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This is a brief recollection of just one of the rainy May/June evenings in the 70’s while visiting Bangalore. A lot of my time was spent in my grandmother’s home on Margosa Road. The transition from getting to play cricket, hockey, football, pithoo, eyes-pais – late into the evening in the Delhi summer to rainy evenings every day in Bangalore was quite frustrating for me. The kadlekayi made up somewhat for it! 🙂

Final word: Well, the evening rain is back in Bengaluru (the North-East monsoon), and I got to sample the wares of one such kadlekayi vendor yesterday. He seems to have mastered the art of holding the potla while filling it such that not a single peanut makes it past the middle. His way to make more profit from the Rs. 10 that he earned from the sale. 🙂

Just another Indian Railways employee

I sensed it, before I heard it. There I was standing on Platform No. 1 of Nagpur Railway Station. Checking out which newspaper to buy. I glanced sideways. The train was moving! Bloody hell! I had not heard any announcement. Nor the normally loud horn of the diesel engine pulling my train. The superfast Tamil Nadu Express.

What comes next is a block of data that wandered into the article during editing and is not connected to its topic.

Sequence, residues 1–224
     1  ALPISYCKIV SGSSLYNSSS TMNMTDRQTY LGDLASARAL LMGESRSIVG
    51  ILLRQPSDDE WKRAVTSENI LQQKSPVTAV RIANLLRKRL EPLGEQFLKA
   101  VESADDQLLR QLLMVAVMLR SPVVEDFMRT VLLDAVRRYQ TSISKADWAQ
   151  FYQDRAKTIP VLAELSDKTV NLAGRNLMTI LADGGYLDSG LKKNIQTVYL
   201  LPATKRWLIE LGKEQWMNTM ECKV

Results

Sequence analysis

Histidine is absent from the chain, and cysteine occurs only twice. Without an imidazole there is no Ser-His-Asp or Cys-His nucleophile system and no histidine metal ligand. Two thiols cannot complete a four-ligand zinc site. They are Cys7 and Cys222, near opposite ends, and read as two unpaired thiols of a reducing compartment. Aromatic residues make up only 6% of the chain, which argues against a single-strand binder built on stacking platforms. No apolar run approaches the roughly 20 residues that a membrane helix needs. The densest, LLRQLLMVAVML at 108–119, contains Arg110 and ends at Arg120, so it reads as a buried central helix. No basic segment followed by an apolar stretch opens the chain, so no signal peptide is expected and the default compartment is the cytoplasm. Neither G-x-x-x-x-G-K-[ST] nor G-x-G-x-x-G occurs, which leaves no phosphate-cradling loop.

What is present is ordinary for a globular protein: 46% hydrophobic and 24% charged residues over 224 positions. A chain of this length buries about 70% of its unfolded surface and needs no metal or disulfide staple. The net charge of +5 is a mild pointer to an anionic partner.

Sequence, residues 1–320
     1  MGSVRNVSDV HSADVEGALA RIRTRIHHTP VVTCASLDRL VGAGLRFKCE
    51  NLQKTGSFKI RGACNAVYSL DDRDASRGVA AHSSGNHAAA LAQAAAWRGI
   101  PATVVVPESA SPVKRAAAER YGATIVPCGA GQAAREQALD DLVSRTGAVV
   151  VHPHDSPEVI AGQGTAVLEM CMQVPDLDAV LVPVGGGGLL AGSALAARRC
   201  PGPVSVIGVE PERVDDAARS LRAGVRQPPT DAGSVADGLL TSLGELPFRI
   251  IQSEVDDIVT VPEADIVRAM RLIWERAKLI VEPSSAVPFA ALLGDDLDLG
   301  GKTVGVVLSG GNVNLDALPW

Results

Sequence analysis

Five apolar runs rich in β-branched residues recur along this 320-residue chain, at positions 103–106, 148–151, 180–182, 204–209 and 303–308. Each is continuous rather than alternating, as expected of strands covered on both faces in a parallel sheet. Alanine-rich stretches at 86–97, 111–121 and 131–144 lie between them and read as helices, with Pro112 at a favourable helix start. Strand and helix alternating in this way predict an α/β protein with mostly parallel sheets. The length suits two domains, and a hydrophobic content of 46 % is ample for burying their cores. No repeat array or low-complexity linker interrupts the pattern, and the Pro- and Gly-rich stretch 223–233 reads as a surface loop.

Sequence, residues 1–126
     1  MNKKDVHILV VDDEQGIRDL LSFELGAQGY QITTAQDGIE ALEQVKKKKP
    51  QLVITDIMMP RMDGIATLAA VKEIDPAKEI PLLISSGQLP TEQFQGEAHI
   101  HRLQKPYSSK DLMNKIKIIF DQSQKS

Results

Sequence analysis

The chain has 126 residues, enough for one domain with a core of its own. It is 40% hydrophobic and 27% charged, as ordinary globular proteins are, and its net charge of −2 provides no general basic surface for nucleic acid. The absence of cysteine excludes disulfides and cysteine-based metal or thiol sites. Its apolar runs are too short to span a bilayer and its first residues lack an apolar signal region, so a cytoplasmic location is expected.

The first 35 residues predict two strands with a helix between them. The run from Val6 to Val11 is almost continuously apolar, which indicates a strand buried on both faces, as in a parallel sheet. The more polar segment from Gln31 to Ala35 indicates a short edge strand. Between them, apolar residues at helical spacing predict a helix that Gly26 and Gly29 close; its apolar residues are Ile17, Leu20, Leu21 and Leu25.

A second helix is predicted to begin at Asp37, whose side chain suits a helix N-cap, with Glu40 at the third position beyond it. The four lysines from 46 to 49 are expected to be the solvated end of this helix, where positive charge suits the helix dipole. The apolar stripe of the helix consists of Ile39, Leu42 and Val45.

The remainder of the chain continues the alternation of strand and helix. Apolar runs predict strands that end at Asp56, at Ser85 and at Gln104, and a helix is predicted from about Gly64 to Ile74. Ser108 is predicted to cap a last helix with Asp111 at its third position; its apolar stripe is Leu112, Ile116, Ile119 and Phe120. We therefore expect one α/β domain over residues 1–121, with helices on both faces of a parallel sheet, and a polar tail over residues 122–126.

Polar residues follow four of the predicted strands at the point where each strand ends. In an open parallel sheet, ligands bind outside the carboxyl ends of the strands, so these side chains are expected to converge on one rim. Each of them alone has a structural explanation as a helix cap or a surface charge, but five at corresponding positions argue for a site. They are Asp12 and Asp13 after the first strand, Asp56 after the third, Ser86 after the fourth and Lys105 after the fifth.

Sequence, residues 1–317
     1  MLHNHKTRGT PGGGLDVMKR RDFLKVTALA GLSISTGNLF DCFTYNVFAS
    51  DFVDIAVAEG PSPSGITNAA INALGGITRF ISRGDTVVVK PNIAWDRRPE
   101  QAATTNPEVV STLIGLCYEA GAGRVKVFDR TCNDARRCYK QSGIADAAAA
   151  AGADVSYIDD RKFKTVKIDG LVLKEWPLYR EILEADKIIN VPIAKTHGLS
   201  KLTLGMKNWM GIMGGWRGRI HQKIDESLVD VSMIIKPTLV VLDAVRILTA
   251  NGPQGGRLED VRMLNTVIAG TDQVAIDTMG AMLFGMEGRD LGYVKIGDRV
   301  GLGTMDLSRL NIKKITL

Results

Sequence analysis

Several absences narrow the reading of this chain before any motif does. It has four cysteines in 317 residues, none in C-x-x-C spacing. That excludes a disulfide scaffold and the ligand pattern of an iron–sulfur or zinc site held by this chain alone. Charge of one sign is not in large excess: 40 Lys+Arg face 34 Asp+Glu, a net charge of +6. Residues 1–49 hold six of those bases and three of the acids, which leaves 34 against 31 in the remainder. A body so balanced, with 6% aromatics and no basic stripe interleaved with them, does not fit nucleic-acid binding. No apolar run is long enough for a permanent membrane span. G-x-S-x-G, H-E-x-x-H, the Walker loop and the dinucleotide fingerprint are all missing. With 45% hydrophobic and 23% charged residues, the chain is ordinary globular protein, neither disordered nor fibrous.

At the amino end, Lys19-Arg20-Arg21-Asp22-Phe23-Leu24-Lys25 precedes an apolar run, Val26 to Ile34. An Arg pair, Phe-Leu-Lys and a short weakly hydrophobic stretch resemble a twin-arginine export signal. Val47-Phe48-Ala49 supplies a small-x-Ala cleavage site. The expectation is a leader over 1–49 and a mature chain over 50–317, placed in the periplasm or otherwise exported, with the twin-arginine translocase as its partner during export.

I turned and ran. Straight into a man carrying a steel trunk. It hit me on the shin. But, now was not the time to think about the pain. Now, was the time to run. And to catch the train. “Don’t get down from the train, before it reaches Madras” my dad had warned me last night, before the train left New Delhi at 10 PM. And here I was, running after a train that was accelerating out of Nagpur.

Well, now was the time to put all the skills learnt catching those DTC buses to school and back. I had been using the Delhi Transport Corporation (DTC) buses for the last 2 years. Initially, I would patiently wait for an opportunity to push others in, or get pushed myself into the narrow doors at the rear of the bus. That was when I was 13. Things had changed in the last one year. Running behind a bus that had started and jumping onto it had become the norm.  It was all a matter of timing. Yeah. That and the girls to impress. Were they? I will never know!